A natural science oddity, the seahorse reverses normal animal kingdom roles by having the male gestate and give birth to the young. Today, these fragile fish are threatened by degradation of their coastal habitats and overfishing for traditional medicines. In Greek mythology, hippocampus refers to the equine-fish hybrids that drew the water chariot of Poseidon, god of the sea and earthquakes.
The name was later used for a structure within the brain that is shaped like a seahorse. Humans and other mammals have two hippocampi, one in each of the temporal lobes. The hippocampal network plays an important role in storing long-term memories and regulating spatial navigation. Recent neuroscience studies suggest it also enables the flexible reconstruction and recombination of multivalent memory associations. This feature is thought to support flexible behaviour and thinking, including the creative capacity to imagine fictional or future scenarios.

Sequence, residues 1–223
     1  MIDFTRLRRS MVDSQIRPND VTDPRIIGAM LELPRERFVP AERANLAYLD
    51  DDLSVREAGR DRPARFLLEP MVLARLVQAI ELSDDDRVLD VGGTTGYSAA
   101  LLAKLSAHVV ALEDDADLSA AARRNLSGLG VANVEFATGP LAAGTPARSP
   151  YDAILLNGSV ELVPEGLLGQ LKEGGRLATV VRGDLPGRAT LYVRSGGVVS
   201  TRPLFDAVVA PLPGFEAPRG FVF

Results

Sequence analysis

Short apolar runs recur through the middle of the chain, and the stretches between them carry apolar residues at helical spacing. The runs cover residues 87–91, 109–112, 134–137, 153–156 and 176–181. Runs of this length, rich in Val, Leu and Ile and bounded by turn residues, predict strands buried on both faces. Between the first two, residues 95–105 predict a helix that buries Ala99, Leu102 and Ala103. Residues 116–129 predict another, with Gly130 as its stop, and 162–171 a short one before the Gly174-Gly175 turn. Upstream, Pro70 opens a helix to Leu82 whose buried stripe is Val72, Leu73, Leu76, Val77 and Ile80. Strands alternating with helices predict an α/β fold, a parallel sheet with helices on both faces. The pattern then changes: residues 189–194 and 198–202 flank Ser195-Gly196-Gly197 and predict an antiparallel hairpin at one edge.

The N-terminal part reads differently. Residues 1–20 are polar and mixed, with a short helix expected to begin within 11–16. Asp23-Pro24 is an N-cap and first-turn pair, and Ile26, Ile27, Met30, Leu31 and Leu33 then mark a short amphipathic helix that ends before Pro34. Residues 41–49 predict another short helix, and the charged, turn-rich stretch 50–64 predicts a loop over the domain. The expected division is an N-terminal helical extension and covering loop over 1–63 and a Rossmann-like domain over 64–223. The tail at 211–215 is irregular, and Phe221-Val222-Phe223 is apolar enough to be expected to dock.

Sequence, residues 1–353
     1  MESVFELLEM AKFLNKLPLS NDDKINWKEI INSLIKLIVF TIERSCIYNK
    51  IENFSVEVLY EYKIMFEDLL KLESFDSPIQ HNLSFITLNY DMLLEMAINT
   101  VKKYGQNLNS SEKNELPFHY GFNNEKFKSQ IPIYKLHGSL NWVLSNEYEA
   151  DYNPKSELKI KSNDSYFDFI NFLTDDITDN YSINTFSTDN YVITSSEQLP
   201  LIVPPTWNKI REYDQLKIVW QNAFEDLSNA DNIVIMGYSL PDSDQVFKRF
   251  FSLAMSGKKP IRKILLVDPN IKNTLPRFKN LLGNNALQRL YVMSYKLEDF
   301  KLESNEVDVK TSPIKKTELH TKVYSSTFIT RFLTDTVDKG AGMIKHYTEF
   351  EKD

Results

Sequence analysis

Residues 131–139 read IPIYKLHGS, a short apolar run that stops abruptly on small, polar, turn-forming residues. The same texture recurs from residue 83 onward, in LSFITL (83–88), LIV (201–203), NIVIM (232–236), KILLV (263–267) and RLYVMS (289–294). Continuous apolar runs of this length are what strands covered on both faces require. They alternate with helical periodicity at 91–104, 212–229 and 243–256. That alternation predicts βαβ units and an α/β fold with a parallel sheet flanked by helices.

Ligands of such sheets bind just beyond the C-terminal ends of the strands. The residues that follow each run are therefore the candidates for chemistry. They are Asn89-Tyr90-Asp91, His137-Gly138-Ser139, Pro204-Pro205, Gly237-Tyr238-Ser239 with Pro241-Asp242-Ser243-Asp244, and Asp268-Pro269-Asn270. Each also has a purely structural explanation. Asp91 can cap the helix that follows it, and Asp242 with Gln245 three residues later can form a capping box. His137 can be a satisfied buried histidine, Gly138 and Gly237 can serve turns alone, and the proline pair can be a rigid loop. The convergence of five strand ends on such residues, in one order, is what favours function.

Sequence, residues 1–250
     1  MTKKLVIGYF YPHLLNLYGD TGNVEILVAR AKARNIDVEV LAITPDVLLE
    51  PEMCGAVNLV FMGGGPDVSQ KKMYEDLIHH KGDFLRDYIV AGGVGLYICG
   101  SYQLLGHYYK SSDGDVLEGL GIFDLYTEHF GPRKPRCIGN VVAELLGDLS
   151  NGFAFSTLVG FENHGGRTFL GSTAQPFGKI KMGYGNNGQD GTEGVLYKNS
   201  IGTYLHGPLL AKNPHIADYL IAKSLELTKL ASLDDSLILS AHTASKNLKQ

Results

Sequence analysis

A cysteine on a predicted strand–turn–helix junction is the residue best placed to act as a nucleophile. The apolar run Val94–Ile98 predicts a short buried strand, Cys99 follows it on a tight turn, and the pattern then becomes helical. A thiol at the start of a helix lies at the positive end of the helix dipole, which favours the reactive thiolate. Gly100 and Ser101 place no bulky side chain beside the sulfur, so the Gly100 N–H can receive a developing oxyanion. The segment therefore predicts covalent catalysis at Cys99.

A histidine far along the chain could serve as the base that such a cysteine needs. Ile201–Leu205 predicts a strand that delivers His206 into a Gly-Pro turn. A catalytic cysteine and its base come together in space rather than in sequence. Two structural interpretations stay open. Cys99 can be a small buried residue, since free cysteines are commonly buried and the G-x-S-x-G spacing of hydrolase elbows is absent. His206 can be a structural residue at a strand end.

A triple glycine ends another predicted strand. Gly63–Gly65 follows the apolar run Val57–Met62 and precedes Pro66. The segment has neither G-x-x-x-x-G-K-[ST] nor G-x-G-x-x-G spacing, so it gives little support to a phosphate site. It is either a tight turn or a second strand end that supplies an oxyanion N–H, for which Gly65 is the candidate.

Penelope and the Seahorse multiplies flexible memory associations, combining natural history, myths, half-truths, and dreams, while spanning the deep time of a pagan past, modernity and future imaginings. Dwyer weaves ancient Greek mythologies into a futuristic vision of marine life as ghostly apparition.
Mikala Dwyer has exhibited widely in Australia and internationally since the 1980s and is known for her distinctive experiments in sculpture, installation, and performance art. Her works often imbue objects and materials with an animistic energy that revokes the conceit of reason’s mastery over the non-human world.
The video is a collaboration with animator Gina Moore, and the sound work is a collaboration with composer James Hayes.
Guest researcher and curator, Dr Toni Ross.
Header image: Mikala Dwyer, A seahorse, 2022–23, work-in-progress video still